MATTHEW 1:24-25
Joseph Adopted Jesus
Prepared by Dr. John E. Marshall

When Joseph woke, the world looked different. This dream was more than a dream. It meant all his dreams had come true (Phillips). His burden was lifted, he could marry his beloved Mary, and of all David’s sons, he was the chosen one.

Matt. 1:24a (Holman) When Joseph got up from sleeping, he did as the
Lord’s angel had commanded him.

Joseph’s prompt compliance was no less amazing than Mary’s. He obeyed the angel at once. Instant obedience is the only obedience that ultimately counts. Delayed obedience is disobedience. Always obey God’s known will immediately.

Matt. 1:24b-25a He married her but did not know her intimately until she gave birth to a son.

Matthew, determined to be crystal clear that the virgin birth happened, went out of his way to make his meaning unambiguous. Joseph and Mary, yielding to holiness and restraining natural desires, were not intimate till after Jesus was born.
“Until” implies they began normal conjugal relations after Jesus’ birth. We know Mary had other children. Jesus was one of at least 7 siblings (Mark 6:3).
Jesus was raised in a home, not a convent (Glover). He grew up in the real world, knew the love and wrangling of siblings, the joys and trials of a home. He was made like us, even in the detail of knowing what everyday family life is like.
The One who made all things entered His self-made world. The Creator, taking on the form of a creature, became one with the dust He used to create us.
The self-existent One became dependent. He had indwelt the burning bush as the fire which needed no fuel to burn, but now became a helpless newborn.
The Almighty became tired. This must have been a strange feeling. The Content felt discontent. “But little Lord Jesus, no crying He makes”–good poetry, but bad theology. Jesus cried like other babies do. He soiled His clothes and nursed at His mother’s breast. He was born into our existence, He was one of us.

Matt. 1:25b And he named Him Jesus.

Joseph, by naming the baby, acknowledged and accepted his assigned role as the child’s father. Joseph adopted Jesus. Mary and her firstborn son were hereby assured of having the protection and care they needed.
Thank you, Joseph. We owe you a debt of gratitude. Our churches need more believers like Joseph, people willing to take the second place.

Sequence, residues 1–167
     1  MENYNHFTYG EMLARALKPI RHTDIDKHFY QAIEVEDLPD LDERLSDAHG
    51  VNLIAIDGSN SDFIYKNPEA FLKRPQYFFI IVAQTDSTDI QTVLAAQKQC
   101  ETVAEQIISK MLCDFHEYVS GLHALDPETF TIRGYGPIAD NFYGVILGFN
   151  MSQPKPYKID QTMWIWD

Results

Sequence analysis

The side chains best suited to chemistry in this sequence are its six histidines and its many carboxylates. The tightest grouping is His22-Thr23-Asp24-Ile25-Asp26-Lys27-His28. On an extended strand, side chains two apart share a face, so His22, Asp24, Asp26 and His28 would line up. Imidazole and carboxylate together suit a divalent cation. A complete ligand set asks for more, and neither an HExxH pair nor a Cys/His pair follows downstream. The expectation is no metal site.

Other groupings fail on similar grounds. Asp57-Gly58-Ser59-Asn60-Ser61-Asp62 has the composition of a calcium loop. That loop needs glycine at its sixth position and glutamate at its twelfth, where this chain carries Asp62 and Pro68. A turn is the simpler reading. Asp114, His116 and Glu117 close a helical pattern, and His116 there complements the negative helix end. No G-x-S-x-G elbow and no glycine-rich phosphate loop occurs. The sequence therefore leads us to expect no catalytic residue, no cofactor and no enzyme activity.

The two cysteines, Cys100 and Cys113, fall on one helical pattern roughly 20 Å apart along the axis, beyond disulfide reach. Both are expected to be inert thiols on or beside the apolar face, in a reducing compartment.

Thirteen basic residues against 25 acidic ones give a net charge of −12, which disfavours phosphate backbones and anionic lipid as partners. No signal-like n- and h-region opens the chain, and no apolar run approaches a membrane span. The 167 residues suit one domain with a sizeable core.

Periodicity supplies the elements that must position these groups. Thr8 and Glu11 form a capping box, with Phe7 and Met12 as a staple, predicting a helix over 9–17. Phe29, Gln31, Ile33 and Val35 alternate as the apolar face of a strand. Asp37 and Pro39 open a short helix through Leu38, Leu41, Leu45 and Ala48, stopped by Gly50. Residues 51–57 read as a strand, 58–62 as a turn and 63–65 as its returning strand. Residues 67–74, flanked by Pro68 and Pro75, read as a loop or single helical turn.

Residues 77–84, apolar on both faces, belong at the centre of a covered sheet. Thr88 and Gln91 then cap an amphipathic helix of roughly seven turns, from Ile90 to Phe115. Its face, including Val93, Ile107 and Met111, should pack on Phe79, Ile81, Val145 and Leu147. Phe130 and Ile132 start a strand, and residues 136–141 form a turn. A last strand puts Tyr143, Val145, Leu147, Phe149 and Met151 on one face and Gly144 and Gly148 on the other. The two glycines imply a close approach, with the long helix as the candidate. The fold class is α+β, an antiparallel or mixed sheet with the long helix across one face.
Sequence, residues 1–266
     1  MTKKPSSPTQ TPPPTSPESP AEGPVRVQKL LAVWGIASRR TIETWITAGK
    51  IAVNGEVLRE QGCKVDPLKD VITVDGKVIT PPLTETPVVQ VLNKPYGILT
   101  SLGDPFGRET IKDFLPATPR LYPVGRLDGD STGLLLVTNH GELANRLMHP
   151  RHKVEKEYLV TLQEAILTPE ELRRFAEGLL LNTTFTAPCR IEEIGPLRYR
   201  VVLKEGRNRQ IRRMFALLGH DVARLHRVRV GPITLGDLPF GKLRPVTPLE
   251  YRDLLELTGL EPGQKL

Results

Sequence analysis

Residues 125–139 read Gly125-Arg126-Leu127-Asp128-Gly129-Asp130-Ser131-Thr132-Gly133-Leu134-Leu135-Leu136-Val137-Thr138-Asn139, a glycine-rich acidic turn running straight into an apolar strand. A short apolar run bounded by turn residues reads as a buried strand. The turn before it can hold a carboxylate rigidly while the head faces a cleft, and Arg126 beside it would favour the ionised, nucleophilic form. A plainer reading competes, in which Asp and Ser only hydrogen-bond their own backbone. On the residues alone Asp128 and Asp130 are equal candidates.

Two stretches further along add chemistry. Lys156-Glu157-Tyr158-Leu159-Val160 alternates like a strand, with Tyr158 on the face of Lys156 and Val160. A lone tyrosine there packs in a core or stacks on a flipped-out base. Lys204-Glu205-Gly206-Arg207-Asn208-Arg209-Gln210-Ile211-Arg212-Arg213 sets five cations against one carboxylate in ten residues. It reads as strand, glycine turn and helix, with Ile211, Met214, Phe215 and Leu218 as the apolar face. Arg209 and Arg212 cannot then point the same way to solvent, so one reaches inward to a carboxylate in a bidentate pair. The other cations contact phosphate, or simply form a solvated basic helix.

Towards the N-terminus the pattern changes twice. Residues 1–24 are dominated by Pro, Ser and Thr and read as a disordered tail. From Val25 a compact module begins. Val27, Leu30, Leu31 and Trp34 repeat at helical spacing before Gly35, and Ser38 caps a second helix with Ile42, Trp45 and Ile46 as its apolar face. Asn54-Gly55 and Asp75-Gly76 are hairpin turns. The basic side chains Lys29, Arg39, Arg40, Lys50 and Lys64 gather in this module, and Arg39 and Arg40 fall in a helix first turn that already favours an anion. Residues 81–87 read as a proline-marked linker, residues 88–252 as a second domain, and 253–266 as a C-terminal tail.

Being an adoptive father did not diminish Joseph’s parental role. In God’s eyes, Joseph was as much a father legally as a birth-father would have been. The Bible stresses this. Luke said both Joseph and Mary were “His parents”; to Jesus, Mary said of Joseph and herself, “Your father and I” (LK 2:41,43,48).
Why all this commotion? Who was this child over whom all the fuss was made? Before He came among us, He was called YHWH, Second Person of the Trinity, the angel of the Lord. The name reserved till His enfleshment was Jesus.
The name marks an event so momentous–the humanization of God–that it will never cease to be loved and memorialized. The name God took when He came here in flesh, He still takes in Heaven. At the end of Revelation (22:16) He refers to Himself as “I, Jesus.”
Jesus, the name we treasure, will never cease to be used. It will always be His. The name Jesus will identify Him forever, and we will cherish it forever.
“This name Jesus is honey in the mouth, harmony in the ear, melody in the heart” (St. Bernard). A poet wrote, “Sweetest note in seraph song, Sweetest name on mortal tongue; Sweetest carol ever sung, Jesus, blessed Jesus” (Wm. Hunter).
Jesus is the name above every name, the name at which every knee shall bow. No other response can ever be appropriate for the God who came among us.
This Christmas season, let’s remember His humble condescension begs to be imitated by all who call themselves His followers. In 1732 two ordinary men left Copenhagen to become the first Moravian missionaries. They were common laborers. John Leonard Dober was a potter, David Nitschman a carpenter. Leaving the dock, they called back to family and friends, “May the Lamb that was slain receive the reward of His suffering.”
They went to the West Indies to preach to the slaves, but could not get near them. The slaves were driven to the fields early in the morning, and returned home late at night with only enough strength left to fall into bed. Dober and Nitschman had no opportunity to teach. The slaves had no energy to learn.
The missionaries were also thwarted by another huge, frustrating barrier. The slaves associated the two men with the slave owners, whom the slaves hated.
Dober and Nitschman brokered a deal with the masters. The two were told they could go into the fields every day with the slaves, work beside them, preach to them all day long, and live with them at night, on this condition. The missionaries had to work as hard and long as the slaves did. Any reduction in work due to their presence would result in their expulsion from the West Indies.
The work was brutal; conditions terrible. In 18 months, Dober was dead. Nitschman, with his last reserves of strength, sent word he did not think he could last much longer without help. Eighteen young Moravian men came to help. Due to the foundation laid by Dober and Nitschman, they were able to start a church.
By placing themselves in the slaves’ condition, by living as they lived, by suffering what they suffered, and yes, for one of them, by dying their death, the missionaries followed the example of Jesus, who came among us, who lived our life, who suffered our sufferings, who died our death. Merry Christmas.